“With great powers, come great responsibilities,” she said, urging nuclear‑weapon States to set a positive example. In 2020, parties must make every effort, including political will and flexibility, to avoid a repeat of the failure to produce an outcome at the 2015 Review Conference.
Also the entry into force of the TPNW will help advance the aim of totally eliminating atomic bombs, as enshrined in Article 6 of the Non‑Proliferation Treaty. “The human species’ survival is dependent on our collective courage to eliminate nuclear weapons once and for all,” she said.
South Africa’s permanent representative to the UN, Jerry Matthews Matjila, said that his Government remains disheartened at the apparent lack of urgency and seriousness with which nuclear disarmament has been approached in the Non-Proliferation Treaty context.
“This state of affairs places the Treaty, as well as its review process, under increasing pressure and falls far short of expectations,” he said. Measurable progress – particularly on nuclear disarmament – must therefore be a major determinant in achieving and in sustaining international peace and security.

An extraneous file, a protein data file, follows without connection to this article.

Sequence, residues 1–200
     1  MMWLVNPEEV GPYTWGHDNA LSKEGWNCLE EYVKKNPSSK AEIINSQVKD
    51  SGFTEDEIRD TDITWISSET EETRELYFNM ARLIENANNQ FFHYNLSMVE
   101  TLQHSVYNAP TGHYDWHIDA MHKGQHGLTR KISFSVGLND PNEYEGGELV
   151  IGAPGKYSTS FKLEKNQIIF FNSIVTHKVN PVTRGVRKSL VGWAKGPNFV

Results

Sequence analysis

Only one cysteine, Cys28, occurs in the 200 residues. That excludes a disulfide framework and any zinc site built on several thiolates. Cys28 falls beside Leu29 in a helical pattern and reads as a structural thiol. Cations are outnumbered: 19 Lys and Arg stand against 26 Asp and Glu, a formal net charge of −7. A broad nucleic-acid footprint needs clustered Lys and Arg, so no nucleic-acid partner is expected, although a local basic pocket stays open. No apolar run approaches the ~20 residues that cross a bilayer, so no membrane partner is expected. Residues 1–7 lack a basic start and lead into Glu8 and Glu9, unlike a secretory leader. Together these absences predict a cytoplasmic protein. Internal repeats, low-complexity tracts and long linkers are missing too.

Matjila said, South Africa had clearly demonstrated its commitment towards nuclear disarmament when it deposited its instrument of ratification on the TPNW on February 25, 2019, joining 21 other States that have ratified the instrument. He encouraged States that have not yet done so to follow suit.
South Africa remains a shining example of a country that went from developing its own nuclear arsenal to dismantling it and being an outspoken advocate against these weapons of mass destruction. [IDN-InDepthNews – 23 April 2019]
Photo: German Foreign Affairs Minister Heiko Maas chairs the Security Council meeting on Non-proliferation and supporting the Non-proliferation Treaty ahead of the 2020 Review Conference. 02 April 2019. United Nations, New York. Photo # 802676. UN Photo/Eskinder Debebe.